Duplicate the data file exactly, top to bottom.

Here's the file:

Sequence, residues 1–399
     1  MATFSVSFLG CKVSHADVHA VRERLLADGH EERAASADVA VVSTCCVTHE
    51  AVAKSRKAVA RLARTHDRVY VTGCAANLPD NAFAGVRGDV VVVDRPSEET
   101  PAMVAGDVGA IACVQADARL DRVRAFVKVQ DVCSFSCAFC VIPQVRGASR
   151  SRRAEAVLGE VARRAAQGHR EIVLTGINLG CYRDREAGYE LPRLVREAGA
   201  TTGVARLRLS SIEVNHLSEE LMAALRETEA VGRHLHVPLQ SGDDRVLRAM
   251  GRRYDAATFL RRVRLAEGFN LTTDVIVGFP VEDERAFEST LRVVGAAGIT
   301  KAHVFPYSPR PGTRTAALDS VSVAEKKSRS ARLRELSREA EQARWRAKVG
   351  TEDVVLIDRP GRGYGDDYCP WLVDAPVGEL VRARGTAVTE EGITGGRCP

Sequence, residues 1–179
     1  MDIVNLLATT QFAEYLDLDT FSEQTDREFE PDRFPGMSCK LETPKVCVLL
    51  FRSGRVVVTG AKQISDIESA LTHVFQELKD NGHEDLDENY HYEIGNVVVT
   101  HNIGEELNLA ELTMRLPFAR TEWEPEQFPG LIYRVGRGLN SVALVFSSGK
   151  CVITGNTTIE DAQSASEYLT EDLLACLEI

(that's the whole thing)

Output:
Sequence, residues 1–399
     1  MATFSVSFLG CKVSHADVHA VRERLLADGH EERAASADVA VVSTCCVTHE
    51  AVAKSRKAVA RLARTHDRVY VTGCAANLPD NAFAGVRGDV VVVDRPSEET
   101  PAMVAGDVGA IACVQADARL DRVRAFVKVQ DVCSFSCAFC VIPQVRGASR
   151  SRRAEAVLGE VARRAAQGHR EIVLTGINLG CYRDREAGYE LPRLVREAGA
   201  TTGVARLRLS SIEVNHLSEE LMAALRETEA VGRHLHVPLQ SGDDRVLRAM
   251  GRRYDAATFL RRVRLAEGFN LTTDVIVGFP VEDERAFEST LRVVGAAGIT
   301  KAHVFPYSPR PGTRTAALDS VSVAEKKSRS ARLRELSREA EQARWRAKVG
   351  TEDVVLIDRP GRGYGDDYCP WLVDAPVGEL VRARGTAVTE EGITGGRCP

Sequence, residues 1–179
     1  MDIVNLLATT QFAEYLDLDT FSEQTDREFE PDRFPGMSCK LETPKVCVLL
    51  FRSGRVVVTG AKQISDIESA LTHVFQELKD NGHEDLDENY HYEIGNVVVT
   101  HNIGEELNLA ELTMRLPFAR TEWEPEQFPG LIYRVGRGLN SVALVFSSGK
   151  CVITGNTTIE DAQSASEYLT EDLLACLEI